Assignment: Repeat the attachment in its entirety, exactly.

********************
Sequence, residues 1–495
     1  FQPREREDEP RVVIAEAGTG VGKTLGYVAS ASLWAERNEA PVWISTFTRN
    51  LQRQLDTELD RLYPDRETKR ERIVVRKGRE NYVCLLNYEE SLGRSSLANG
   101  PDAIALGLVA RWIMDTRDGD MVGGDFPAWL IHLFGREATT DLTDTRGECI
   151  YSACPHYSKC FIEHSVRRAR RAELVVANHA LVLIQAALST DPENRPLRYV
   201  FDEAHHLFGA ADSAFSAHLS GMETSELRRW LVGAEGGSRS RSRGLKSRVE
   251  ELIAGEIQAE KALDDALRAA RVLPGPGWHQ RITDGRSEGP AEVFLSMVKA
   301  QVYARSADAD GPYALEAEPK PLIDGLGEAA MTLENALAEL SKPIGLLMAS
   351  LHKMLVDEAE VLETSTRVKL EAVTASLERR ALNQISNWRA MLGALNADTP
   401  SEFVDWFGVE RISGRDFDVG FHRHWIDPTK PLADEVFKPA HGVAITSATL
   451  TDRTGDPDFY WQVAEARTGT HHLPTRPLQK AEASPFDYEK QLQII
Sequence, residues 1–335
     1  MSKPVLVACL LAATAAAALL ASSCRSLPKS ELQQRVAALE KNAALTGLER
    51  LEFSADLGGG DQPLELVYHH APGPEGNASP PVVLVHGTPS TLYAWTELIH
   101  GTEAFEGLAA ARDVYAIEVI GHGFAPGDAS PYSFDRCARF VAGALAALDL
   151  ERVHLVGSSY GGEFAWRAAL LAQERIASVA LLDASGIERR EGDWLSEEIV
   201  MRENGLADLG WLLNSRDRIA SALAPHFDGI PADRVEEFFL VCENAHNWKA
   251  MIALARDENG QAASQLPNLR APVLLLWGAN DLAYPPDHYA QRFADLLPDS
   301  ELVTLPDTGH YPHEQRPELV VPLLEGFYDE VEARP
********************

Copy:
Sequence, residues 1–495
     1  FQPREREDEP RVVIAEAGTG VGKTLGYVAS ASLWAERNEA PVWISTFTRN
    51  LQRQLDTELD RLYPDRETKR ERIVVRKGRE NYVCLLNYEE SLGRSSLANG
   101  PDAIALGLVA RWIMDTRDGD MVGGDFPAWL IHLFGREATT DLTDTRGECI
   151  YSACPHYSKC FIEHSVRRAR RAELVVANHA LVLIQAALST DPENRPLRYV
   201  FDEAHHLFGA ADSAFSAHLS GMETSELRRW LVGAEGGSRS RSRGLKSRVE
   251  ELIAGEIQAE KALDDALRAA RVLPGPGWHQ RITDGRSEGP AEVFLSMVKA
   301  QVYARSADAD GPYALEAEPK PLIDGLGEAA MTLENALAEL SKPIGLLMAS
   351  LHKMLVDEAE VLETSTRVKL EAVTASLERR ALNQISNWRA MLGALNADTP
   401  SEFVDWFGVE RISGRDFDVG FHRHWIDPTK PLADEVFKPA HGVAITSATL
   451  TDRTGDPDFY WQVAEARTGT HHLPTRPLQK AEASPFDYEK QLQII
Sequence, residues 1–335
     1  MSKPVLVACL LAATAAAALL ASSCRSLPKS ELQQRVAALE KNAALTGLER
    51  LEFSADLGGG DQPLELVYHH APGPEGNASP PVVLVHGTPS TLYAWTELIH
   101  GTEAFEGLAA ARDVYAIEVI GHGFAPGDAS PYSFDRCARF VAGALAALDL
   151  ERVHLVGSSY GGEFAWRAAL LAQERIASVA LLDASGIERR EGDWLSEEIV
   201  MRENGLADLG WLLNSRDRIA SALAPHFDGI PADRVEEFFL VCENAHNWKA
   251  MIALARDENG QAASQLPNLR APVLLLWGAN DLAYPPDHYA QRFADLLPDS
   301  ELVTLPDTGH YPHEQRPELV VPLLEGFYDE VEARP